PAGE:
Jun 14, 2021
The Liberal federal government is moving forward with a digital-services tax (DST), which it is framing as an interim measure pending a global deal to update corporate tax rules for multinationals. In an interview with The Logic, Osler’s Patrick Marley, partner and co-chair, Taxation, commented that reaching an international consensus will be the start of a long implementation process.
“That agreement probably would not come into effect for several years,” says Patrick. “It is going to require both domestic law changes and tax-treaty changes” to implement the first pillar of the Organization for Economic Co-operation and Development process, which would reallocate some taxing rights to countries if companies have customers there, even if they lack a physical presence.
The federal government could choose to wait to lift its DST until a majority of countries have passed legislation enabling the changes and signed on to an international treaty, or hold out until all do so. “At a minimum, they would want the U.S. to be on board,” says Patrick.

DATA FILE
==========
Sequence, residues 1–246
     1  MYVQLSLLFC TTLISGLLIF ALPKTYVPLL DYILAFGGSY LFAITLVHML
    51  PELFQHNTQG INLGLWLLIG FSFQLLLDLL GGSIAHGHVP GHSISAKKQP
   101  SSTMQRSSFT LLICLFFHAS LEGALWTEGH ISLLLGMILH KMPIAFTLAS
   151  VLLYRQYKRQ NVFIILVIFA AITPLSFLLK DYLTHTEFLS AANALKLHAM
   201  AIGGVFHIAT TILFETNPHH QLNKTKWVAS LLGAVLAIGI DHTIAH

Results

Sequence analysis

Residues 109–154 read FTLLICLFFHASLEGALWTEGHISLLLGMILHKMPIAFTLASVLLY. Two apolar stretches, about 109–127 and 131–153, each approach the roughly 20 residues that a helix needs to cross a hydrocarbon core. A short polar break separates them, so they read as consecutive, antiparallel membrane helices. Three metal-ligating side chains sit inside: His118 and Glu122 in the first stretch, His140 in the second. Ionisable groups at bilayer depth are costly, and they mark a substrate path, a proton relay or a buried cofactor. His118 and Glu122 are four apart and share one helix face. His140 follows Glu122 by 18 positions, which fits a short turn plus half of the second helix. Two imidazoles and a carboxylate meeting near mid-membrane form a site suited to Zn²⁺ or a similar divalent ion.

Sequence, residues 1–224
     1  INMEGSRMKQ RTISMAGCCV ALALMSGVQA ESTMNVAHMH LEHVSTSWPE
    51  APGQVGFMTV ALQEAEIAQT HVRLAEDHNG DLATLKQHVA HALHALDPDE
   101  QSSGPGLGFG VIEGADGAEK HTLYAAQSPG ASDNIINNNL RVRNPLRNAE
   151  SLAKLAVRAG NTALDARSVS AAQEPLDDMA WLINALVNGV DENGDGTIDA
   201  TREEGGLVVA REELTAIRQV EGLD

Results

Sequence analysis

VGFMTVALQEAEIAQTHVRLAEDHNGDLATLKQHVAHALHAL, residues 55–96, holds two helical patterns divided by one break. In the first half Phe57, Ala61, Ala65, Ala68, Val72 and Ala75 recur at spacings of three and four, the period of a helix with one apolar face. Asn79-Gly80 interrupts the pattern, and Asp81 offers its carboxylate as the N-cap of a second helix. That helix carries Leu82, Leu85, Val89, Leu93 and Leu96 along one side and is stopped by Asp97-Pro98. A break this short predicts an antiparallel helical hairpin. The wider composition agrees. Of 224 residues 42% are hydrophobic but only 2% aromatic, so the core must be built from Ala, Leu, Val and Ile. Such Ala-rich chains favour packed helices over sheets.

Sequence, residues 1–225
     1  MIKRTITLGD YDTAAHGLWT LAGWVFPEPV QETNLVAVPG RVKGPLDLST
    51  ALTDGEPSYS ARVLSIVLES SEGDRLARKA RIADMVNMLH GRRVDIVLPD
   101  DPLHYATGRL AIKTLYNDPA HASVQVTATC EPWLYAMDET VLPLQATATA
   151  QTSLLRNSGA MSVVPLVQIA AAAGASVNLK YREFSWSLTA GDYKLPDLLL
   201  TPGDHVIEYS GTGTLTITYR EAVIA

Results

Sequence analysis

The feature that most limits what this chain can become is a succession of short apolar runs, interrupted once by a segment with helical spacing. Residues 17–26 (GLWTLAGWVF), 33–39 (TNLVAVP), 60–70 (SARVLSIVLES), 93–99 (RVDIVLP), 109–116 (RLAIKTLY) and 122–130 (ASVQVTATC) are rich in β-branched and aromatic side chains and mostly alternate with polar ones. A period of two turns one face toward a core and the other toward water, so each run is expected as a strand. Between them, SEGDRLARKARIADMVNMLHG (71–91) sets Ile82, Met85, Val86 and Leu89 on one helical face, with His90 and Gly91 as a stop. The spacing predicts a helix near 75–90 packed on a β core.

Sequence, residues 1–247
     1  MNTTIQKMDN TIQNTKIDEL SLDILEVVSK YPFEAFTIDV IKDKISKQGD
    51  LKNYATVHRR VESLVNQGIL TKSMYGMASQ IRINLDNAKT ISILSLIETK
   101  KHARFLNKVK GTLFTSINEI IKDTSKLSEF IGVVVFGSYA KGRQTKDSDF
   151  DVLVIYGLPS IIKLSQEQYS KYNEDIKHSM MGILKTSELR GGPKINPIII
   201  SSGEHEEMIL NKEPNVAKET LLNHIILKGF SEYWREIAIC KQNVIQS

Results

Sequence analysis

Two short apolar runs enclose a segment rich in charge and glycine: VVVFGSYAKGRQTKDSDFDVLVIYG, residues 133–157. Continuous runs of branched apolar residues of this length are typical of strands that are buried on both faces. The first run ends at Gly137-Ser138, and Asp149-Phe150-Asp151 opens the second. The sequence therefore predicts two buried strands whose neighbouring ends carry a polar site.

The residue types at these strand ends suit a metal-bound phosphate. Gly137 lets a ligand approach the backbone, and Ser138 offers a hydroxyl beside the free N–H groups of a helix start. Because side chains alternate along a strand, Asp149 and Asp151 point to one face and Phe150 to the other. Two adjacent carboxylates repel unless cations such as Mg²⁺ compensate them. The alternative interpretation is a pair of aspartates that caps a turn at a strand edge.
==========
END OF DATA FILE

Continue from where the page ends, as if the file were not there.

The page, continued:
Finance Canada estimates the DST will bring in $3.4 billion in its first five fiscal years. “It’s a fairly large amount of revenue that countries like Canada might be reluctant to give up,” he says, especially if a more limited version of the multinational tax overhaul yields less.
If you subscribe to The Logic, read more in the article “Ottawa’s ‘interim’ digital-services tax could be with us a long time” by author Murad Hemmadi.